It therefore made logical sense to discover that Fort Johnston in Malawi, today Mangochi Boma, was named after him, although it doesn’t appear that he named the place after himself. What is interesting about Johnston’s appointment to Nyasaland is that he had a hat band of white, yellow and black, colours which were later used for the police/military uniform as he was keen on showing the unity between white, black and Indian (pp197,207).

Johnston appears to have been a considerate administrator, confirming that land was unoccupied before having it ceded to the crown through treaty rather than the usual European claiming of land in the name of the crown (p220). This was to be his practice wherever he governed, although he was not scared to use force if needed such as in suppressing the slave trade.

When he got to Uganda in 1899, he looked to combine Uganda and today’s Kenya into one colonial administrative territory with the seat of administration at a new place along the Uganda Railway which he planned to call King Edward. Unlike Lugard’s uniting of the Nigerian territories, uniting those in East Africa at the time Johnston proposed would, some think, have been better for the region especially given Johnston’s sensitivities towards the local inhabitants – that the Kibaka of Uganda sent a tribute which appears on Johnston’s tombstone says much: His faithfulness to Buganda shows that England wishes all whom she protects to be free (p357). However, King Edward never materialised as Clement Hill of the Foreign Office Africa department apparently did not like Johnston and counteracted much of what Johnston proposed purely because it was suggested by Johnston.

Johnston’s is a name that features much in early colonial history, yet he remains an obscure character – for similar reasons that Kitchener was disregarded. He was not of the accepted ruling classes which meant his achievements were downplayed. Significantly both men were supported and owed their career progress to Lord Salisbury, Prime Minister and Foreign Secretary. Kitchener and Johnston overlapped with the 1885 boundary commission in East Africa – Johnston’s work on Kilimanjaro and a treaty he arranged over Taveta playing a large part in the final boundary decision (pp86-87). Yet, it does not appear the two men met at that time. Later, in 1895 Johnston was to be Kitchener’s guest in Cairo (p257). Johnston commented that Kitchener thought it was “Nyasaland and not Uganda which abutted on the southern frontier of Sudan”. Oliver suggests this is evidence of the lack of general knowledge concerning Africa – however, given Kitchener’s own experiences of the continent and his mapping skills, as well as meeting with Stanley and others, this statement suggests to me that Kitchener was playing with his guest. He had a crafty sense of humour.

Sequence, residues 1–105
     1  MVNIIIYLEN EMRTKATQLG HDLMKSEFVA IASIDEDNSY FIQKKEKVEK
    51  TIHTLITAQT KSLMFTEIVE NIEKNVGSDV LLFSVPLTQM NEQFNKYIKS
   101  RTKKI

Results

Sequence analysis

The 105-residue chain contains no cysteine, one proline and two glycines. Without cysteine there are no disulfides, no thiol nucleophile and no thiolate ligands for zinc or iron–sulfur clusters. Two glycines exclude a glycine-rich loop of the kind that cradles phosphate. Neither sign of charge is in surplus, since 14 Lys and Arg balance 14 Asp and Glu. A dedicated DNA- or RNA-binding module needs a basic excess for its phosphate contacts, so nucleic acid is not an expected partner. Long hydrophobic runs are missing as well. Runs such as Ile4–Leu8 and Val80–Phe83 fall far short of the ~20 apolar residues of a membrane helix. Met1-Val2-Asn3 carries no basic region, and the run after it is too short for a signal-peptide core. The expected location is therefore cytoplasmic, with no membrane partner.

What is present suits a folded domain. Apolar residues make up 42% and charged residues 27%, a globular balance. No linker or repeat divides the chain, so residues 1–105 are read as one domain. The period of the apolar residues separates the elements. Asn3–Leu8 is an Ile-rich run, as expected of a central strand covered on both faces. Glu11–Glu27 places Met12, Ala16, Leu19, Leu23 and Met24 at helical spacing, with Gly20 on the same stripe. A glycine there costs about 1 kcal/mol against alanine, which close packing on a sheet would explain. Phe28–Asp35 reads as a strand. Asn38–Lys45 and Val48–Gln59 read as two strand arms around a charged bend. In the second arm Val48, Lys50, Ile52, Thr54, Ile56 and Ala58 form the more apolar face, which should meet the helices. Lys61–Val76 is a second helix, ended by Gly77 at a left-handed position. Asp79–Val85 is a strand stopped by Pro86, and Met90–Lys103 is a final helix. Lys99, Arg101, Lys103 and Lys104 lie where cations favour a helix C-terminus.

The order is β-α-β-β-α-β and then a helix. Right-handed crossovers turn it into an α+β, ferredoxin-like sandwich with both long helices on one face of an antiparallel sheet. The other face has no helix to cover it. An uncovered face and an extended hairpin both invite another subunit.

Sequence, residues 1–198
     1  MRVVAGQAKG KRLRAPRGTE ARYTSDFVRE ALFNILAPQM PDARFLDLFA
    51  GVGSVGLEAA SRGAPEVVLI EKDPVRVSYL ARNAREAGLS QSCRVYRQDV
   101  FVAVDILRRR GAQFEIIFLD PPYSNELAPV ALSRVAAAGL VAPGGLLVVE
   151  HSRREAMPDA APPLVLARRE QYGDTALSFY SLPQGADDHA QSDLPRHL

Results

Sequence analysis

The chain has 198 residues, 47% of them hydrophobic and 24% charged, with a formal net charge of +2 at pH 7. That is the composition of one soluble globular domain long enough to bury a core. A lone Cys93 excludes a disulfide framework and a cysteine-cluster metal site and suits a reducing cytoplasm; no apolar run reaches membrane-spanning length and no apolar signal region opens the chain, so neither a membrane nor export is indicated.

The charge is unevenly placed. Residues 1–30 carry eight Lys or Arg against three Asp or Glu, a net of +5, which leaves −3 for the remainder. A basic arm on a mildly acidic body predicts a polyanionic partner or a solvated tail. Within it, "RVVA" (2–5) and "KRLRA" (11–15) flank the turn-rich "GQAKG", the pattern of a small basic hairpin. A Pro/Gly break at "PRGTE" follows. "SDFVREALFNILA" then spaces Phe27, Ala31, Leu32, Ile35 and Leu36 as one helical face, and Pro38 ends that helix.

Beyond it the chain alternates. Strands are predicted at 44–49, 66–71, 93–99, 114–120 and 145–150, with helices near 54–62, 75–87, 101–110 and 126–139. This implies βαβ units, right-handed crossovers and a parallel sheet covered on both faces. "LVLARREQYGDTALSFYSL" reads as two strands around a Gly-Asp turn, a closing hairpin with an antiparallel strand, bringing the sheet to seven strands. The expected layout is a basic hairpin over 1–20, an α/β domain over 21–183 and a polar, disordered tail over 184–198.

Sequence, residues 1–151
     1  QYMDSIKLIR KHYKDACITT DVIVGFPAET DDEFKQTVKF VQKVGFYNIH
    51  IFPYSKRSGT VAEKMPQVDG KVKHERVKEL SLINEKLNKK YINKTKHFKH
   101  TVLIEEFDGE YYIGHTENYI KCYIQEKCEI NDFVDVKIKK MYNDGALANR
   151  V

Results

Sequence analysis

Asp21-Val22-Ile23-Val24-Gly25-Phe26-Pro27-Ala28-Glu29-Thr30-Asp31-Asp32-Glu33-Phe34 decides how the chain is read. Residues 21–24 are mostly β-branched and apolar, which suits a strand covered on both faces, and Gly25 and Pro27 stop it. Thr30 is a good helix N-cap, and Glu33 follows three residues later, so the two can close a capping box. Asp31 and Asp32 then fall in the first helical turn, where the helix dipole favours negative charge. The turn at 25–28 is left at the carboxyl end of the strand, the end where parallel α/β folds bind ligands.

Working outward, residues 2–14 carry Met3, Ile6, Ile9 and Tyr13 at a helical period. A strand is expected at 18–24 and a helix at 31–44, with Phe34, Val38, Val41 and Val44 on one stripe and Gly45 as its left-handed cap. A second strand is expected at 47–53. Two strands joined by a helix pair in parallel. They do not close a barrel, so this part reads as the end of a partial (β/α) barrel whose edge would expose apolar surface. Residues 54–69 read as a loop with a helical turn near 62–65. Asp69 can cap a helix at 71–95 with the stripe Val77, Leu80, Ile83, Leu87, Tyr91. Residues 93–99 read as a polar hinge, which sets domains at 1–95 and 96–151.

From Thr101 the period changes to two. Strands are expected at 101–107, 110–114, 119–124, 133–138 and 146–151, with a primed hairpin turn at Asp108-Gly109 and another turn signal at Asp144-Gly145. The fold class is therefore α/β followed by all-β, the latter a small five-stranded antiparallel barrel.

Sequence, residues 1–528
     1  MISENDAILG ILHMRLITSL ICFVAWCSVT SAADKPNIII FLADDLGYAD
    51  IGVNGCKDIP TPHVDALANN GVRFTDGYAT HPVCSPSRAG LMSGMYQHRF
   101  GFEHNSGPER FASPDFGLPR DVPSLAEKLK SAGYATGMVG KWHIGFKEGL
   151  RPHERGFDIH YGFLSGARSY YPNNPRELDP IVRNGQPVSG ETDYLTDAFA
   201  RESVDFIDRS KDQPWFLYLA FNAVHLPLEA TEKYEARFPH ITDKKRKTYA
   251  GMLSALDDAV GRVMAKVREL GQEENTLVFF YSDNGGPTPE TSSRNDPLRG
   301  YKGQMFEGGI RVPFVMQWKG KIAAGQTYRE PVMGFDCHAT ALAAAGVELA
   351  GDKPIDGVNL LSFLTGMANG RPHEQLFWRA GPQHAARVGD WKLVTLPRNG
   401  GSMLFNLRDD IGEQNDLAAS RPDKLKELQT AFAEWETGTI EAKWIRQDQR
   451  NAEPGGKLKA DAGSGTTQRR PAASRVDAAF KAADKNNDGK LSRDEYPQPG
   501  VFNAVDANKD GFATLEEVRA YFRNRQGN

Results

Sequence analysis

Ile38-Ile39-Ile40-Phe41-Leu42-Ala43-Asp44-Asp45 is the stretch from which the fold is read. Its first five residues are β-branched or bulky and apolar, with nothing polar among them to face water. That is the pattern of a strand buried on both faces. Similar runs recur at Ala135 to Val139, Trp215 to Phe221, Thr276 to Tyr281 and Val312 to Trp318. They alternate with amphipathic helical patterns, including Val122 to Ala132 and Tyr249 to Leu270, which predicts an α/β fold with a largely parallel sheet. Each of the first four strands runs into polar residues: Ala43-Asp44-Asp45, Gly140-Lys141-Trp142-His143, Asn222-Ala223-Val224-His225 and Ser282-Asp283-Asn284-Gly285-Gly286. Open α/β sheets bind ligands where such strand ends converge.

It was a chance conversation that led to me digging a bit more into Johnston – why was he not as well known as Lugard given that both men had huge influence in how colonial Africa developed? While Sir Harry Johnston and the Scramble for Africa by Roland Oliver has opened some windows onto the man, there is far more to discover – not least through his many books, fiction and non-fiction, on aspects of the continent.

Culture clash: Rules of war

One of the things that struck me when researching Kitchener: the man not the myth was Kitchener’s idea on what constituted a fair war. He was said to have exclaimed ‘It’s not war’ when he heard about the first use of gas on the Western Front, and felt at a distinct advantage when facing the Dervishes with his guns against their spears. It was also apparent that there were differences concerning women – Kitchener offered the Dervishes an opportunity to surrender to safeguard the women and children whilst the Dervishes did not see this as an option. The role of women as camp followers was a further difference between the British and Dervish forces although Kitchener allowed the Egyptian Army to have female camp followers, as did the German Army.